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Mozilla: Moving to Firefox, Learning the Web, TenFourFox FPR21b1 and More

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Moz/FF
  • How to switch from Microsoft Edge to Firefox in just a few minutes

    You’ve heard that Firefox is fast, private and secure, thanks to its built-in Enhanced Tracking Protection. You’ve also heard it’s made by people who want the web to be awesome for everyone. And now you’re ready to switch from Microsoft Edge to Firefox, but you’re worried that it’s too technically difficult or that you’ll lose your settings and information in the process.

    Fear not! Switching from Microsoft Edge to Firefox is fast and easy. Here’s how to import your bookmarks, history and passwords from Edge to Firefox, and make your new browser a home base.

  • Learn web technology at “sofa school”

    Lots of kids around the world are learning from home right now. In this post, I introduce free resources based on web technologies that will help them explore and learn from the safety of their living rooms. VR headsets and high-end graphics cards aren’t necessary. Really, all you need is a web browser!

  • TenFourFox FPR21b1 available

    TenFourFox Feature Parity Release 21 beta 1 is now available (downloads, hashes, release notes). I decided against adding the AltiVec GCM accelerator for this release, since it needs some extra TLC to convert from VSX to VMX, and I'd like to test the other major changes independently without introducing a bigger bug exposure surface than necessary. As promised, however, this release does have support for higher-speed 0RTT TLS 1.3 with HTTP/2 (particularly useful on Google properties) and has additional performance adjustments to improve parallelism of TLS connections to HTTP/1.x sites (mostly everybody else). I also updated Reader mode to the most current version used in Firefox 74, incorporating several important fixes; for a slow or complex site that you don't need all the frills for, try turning on Reader mode by clicking the "book" icon in the URL bar. You can do it even while the page is loading (reload after if not all of it comes up). FPR21 will go live with Firefox 68.7/75 on April 7.

  • Mozilla combines tracker blocking with paid, ad-free browsing

    Mozilla has partnered with Scroll to distribute funds to publications in place of ad revenue. This partnership offers Firefox users tracker-blocking technology and ad-free browsing.

    Last year, Mozilla partnered with Scroll -- a subscription service that enables ad-free browsing of its partner publications -- to analyze if a select group of users preferred paying a small fee rather than being served ads, and if the strategy was cost-effective for the publications. After seeing promising results, the two companies have announced the Firefox Better Web with Scroll beta program. The name is a mouthful, but essentially, it combines Firefox's tracker-blocking technology with Scroll's ad-free experiences on any browser. Users can opt in and pay an introductory price of $2.49 for the service, which enables them to read publications like The Atlantic, The Onion and USA Today, add-free. The publications, meanwhile, receive a share of the revenue that Scroll makes from the subscription costs.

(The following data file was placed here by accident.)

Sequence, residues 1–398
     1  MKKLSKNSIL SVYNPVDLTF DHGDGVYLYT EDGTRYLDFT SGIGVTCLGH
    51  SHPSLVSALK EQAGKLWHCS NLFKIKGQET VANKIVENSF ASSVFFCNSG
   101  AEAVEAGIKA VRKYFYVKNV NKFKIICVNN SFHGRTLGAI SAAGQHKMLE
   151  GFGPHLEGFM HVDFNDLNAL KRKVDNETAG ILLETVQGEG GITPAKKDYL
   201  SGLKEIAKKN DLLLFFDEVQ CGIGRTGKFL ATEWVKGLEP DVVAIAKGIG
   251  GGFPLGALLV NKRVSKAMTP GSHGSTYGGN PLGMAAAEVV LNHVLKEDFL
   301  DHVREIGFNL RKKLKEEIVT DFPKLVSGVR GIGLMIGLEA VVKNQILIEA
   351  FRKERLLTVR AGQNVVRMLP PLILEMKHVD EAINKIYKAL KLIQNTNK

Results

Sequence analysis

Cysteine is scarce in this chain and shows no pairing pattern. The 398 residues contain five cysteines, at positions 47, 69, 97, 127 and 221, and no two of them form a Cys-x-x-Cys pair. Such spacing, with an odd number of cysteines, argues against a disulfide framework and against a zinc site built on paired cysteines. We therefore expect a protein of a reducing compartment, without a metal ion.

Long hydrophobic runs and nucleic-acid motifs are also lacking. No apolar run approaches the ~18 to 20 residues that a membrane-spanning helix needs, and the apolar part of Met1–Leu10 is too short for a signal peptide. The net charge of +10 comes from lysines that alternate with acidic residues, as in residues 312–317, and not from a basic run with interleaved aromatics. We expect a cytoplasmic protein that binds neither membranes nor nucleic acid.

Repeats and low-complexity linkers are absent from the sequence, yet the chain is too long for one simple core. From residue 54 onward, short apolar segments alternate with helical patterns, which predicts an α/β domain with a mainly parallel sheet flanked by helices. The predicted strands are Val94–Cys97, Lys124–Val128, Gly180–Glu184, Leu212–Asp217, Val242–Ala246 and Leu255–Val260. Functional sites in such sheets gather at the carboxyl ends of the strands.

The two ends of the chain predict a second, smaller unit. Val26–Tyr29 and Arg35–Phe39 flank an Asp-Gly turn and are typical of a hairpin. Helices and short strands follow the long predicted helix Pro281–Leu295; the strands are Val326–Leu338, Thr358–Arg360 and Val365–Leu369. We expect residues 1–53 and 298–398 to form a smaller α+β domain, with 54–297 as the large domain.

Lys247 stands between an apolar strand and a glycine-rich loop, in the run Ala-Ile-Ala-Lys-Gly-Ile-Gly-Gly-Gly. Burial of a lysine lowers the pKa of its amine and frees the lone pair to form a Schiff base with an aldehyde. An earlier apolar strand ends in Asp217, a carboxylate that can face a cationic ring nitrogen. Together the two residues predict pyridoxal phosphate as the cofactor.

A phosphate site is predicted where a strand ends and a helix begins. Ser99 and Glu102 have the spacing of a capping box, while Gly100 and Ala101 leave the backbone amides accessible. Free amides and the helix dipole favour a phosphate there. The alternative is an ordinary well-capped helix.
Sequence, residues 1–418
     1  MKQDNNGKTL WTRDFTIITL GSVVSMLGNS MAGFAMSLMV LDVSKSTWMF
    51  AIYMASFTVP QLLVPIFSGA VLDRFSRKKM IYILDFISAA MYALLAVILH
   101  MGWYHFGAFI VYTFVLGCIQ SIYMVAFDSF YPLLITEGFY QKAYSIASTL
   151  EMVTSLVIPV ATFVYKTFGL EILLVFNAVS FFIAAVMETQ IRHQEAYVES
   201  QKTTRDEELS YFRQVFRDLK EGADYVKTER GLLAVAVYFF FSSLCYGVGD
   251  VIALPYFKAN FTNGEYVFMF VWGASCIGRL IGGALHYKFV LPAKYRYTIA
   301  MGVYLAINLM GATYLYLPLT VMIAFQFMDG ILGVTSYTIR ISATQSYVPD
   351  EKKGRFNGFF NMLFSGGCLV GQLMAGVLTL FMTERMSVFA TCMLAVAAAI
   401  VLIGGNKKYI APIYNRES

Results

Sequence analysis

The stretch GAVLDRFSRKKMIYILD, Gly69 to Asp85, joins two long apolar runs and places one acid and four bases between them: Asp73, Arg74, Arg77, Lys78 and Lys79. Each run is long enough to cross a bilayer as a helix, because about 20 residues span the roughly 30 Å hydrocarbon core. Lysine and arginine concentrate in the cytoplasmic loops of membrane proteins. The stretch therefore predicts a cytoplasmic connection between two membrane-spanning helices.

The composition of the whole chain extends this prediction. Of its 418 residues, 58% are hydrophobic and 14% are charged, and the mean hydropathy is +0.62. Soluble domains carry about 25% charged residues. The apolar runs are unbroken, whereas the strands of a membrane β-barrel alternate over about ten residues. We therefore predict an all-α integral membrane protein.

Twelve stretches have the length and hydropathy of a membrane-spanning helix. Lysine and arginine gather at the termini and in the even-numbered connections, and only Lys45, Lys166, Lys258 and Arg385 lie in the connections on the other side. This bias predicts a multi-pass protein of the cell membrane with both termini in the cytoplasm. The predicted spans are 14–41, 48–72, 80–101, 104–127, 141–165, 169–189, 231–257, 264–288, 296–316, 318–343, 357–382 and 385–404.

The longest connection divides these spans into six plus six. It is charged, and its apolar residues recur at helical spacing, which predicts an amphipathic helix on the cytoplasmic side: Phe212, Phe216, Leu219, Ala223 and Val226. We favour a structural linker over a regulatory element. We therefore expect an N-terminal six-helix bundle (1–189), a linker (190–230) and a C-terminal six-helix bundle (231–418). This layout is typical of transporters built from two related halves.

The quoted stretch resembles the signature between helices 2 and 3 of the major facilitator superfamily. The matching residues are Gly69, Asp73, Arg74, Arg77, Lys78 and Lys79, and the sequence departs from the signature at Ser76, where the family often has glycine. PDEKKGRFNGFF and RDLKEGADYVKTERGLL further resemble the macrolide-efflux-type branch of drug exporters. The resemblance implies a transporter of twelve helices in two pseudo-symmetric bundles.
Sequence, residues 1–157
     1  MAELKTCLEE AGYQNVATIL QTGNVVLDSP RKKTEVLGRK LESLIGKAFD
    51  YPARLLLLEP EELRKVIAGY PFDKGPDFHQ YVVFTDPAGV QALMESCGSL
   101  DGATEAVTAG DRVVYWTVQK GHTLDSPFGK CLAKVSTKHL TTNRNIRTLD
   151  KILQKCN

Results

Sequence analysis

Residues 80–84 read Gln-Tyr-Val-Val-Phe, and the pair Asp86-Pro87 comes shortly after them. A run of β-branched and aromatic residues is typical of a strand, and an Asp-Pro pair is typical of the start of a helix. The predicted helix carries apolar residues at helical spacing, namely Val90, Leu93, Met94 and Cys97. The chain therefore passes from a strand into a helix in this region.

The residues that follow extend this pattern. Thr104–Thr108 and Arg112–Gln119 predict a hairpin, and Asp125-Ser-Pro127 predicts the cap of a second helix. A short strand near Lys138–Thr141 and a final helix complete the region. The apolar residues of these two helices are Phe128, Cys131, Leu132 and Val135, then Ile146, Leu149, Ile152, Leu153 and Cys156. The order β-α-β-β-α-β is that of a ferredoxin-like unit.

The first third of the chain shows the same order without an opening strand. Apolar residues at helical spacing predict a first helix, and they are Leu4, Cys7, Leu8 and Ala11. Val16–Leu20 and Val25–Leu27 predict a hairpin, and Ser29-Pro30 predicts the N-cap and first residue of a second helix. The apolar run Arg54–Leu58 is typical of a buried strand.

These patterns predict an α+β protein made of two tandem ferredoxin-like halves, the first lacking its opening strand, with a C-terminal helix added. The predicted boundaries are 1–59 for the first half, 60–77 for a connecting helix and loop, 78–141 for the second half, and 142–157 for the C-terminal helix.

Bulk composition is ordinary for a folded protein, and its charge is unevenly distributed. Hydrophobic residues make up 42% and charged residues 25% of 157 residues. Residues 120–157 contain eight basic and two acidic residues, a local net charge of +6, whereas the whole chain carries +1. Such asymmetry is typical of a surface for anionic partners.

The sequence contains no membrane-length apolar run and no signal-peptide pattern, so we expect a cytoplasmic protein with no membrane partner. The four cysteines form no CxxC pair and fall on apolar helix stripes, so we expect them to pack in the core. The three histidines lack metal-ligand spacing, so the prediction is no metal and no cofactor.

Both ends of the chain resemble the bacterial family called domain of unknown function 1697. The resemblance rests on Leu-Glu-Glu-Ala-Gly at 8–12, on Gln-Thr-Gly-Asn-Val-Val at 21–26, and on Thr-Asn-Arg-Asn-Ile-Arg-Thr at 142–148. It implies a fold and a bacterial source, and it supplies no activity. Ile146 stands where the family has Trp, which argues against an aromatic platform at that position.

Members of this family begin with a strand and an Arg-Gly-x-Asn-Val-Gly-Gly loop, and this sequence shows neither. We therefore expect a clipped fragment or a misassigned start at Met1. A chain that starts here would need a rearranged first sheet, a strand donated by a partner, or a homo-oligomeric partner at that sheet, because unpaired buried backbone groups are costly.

More in Tux Machines

OSS Leftovers

  • qView is a minimalistic image viewer for Windows, Linux and macOS

    The program doesn't use a lot of resources when you use it normally. I did notice a memory spike viewing a slideshow of high resolution photos, it jumped from 75MB to 150MB, but that may have been due to the fact that the picture was very large in size. Otherwise, it stayed in the 70s for the most part.

  • 6 Open-Source AI Frameworks You Should Know About

    Google’s open-source framework TensorFlow is an ecosystem of tools, libraries and resources that’s used by many popular companies like Airbnb, eBay, DropBox and more. TensorFlow aims to simplify and abstract away the complexity of machine learning algorithms to streamline development. Using visual models and flowgraphs, developers and data scientists can quickly create neural networks and other machine learning models to leverage data. Airbnb, for example, is using TensorFlow to categorize apartment listing photos to ensure they accurately represent a particular space.

  • The OpenUK Awards are now open for nominations.

    We are looking for the best in open source, hardware and data in the UK. Who had achieved something great? Who has not been recognised? Which company or project are doing fabulous work that needs exposure?

Openwashing and SUSE

Debian: ledger2beancount, Reproducible Builds and Debian Project Leader Race

  • Martin Michlmayr: ledger2beancount 2.1 released

    I released version 2.1 of ledger2beancount, a ledger to beancount converter.

  • Reproducible Builds in March 2020

    Welcome to the March 2020 report from the Reproducible Builds project. In our reports we outline the most important things that we have been up to over the past month and some plans for the future.

  • Jonathan Carter: Free Software Activities for 2020-03